Friday, November 2, 2012

Ronald Baatz: 3 Poems - Small Press Friday

Photo by Kormoran

I love the work of Ronald Baatz, as evinced by this review of his chapbook, Bird Effort, from Kamini Press. He writes great, brief poems without any constraint as to form. They are what they are, natural as a morning glory found twirling its way through the world. 

Recently Ronald sent along three poems that I enjoyed so much I asked and received permission to share them with readers of The Hut. He kindly acquiesced.

Often when I think of his work, the word delicacy comes to mind, not just in execution or image, but a certain delicacy of feeling, more implied than stated, running just beneath the surface. 

Here are 3 poems that grabbed me for a variety of reasons, with one uniting element: the eye and sensibility of Ronald Baatz:

By the river
I find a wooden flute
with holes rotted in it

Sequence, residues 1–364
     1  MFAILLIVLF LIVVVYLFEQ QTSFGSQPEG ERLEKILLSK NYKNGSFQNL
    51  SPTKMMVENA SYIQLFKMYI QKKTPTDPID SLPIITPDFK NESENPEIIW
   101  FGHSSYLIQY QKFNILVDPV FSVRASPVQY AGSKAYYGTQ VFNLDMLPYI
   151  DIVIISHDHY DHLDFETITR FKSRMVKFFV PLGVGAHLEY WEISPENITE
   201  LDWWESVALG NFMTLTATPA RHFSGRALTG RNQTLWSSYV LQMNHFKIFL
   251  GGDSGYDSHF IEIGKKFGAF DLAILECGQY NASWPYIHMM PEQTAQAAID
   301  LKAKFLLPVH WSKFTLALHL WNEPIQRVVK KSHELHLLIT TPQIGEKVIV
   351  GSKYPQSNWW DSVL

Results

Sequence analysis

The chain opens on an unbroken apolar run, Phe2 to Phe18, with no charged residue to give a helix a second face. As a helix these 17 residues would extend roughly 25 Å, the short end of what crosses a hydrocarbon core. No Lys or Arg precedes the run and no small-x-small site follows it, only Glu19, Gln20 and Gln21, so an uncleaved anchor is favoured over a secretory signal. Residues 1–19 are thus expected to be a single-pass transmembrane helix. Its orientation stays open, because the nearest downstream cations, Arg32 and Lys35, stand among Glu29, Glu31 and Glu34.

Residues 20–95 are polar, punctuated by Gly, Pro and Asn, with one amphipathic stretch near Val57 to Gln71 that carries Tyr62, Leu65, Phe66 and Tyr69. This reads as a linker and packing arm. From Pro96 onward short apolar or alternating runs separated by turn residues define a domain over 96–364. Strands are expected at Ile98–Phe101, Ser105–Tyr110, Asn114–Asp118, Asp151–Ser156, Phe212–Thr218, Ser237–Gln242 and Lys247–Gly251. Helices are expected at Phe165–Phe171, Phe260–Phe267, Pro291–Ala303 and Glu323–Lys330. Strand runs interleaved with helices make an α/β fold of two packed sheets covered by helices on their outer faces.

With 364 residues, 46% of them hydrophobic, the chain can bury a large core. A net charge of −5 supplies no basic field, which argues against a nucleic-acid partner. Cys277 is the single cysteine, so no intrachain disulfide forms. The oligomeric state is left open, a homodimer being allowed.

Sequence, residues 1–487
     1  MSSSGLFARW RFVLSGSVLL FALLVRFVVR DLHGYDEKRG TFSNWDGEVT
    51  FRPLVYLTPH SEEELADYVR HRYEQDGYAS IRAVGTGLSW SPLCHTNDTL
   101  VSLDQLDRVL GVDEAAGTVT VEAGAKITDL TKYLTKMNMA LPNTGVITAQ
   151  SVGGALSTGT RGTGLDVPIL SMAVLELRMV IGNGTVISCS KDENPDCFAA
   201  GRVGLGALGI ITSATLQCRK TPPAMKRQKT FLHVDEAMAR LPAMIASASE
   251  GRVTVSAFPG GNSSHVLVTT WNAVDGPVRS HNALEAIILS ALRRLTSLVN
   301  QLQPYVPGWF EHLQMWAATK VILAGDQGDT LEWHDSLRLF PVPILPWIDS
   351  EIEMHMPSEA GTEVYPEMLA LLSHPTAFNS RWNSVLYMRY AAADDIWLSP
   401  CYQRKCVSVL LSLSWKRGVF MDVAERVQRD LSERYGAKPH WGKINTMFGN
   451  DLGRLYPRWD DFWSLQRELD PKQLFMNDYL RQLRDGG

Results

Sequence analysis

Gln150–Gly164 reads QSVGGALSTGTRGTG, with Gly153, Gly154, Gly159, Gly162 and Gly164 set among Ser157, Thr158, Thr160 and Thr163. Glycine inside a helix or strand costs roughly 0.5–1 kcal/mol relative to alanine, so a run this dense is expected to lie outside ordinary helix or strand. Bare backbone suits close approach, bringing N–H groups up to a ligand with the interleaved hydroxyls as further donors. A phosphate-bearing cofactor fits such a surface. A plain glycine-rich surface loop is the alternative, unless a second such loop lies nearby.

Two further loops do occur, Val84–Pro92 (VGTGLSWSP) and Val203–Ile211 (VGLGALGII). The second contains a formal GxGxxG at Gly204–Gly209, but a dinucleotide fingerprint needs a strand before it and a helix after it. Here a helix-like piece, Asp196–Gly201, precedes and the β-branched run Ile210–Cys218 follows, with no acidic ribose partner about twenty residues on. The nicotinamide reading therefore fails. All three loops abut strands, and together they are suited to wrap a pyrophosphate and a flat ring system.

Consider this a meditation haiku. You have your assignment.

A crow lands
in its shadow-
I land in this poem

At first glance, this appears to be glib, a post-modern ditty of sorts. Look again, at crow, at shadow, at person.

Her lips
soft as
ant dirt

Six words and the lump in my throat won't go away. Every time I read it.


looking younger than me
the scarecrow casts
his shadow
translated by David G. Lanoue

 Photo by Gerry Lewis



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Charles Gramlich said...

A flute with holes rotted in it. Wow, great image.

Margaret Chula said...

Not exactly haiku, but WOW what original and powerful images.

Woodland Rose said...

Lovely and Master Issa too. Andrea

Issa's Untidy Hut said...

Charles, yes, indeed.

Issa's Untidy Hut said...

So true, Maggie - Ronald seems to follow the spirit of forms, when he follows at all. Great work.

Issa's Untidy Hut said...

Andrea ... yes, Ronald and Issa seem to be a nice match. Thanks.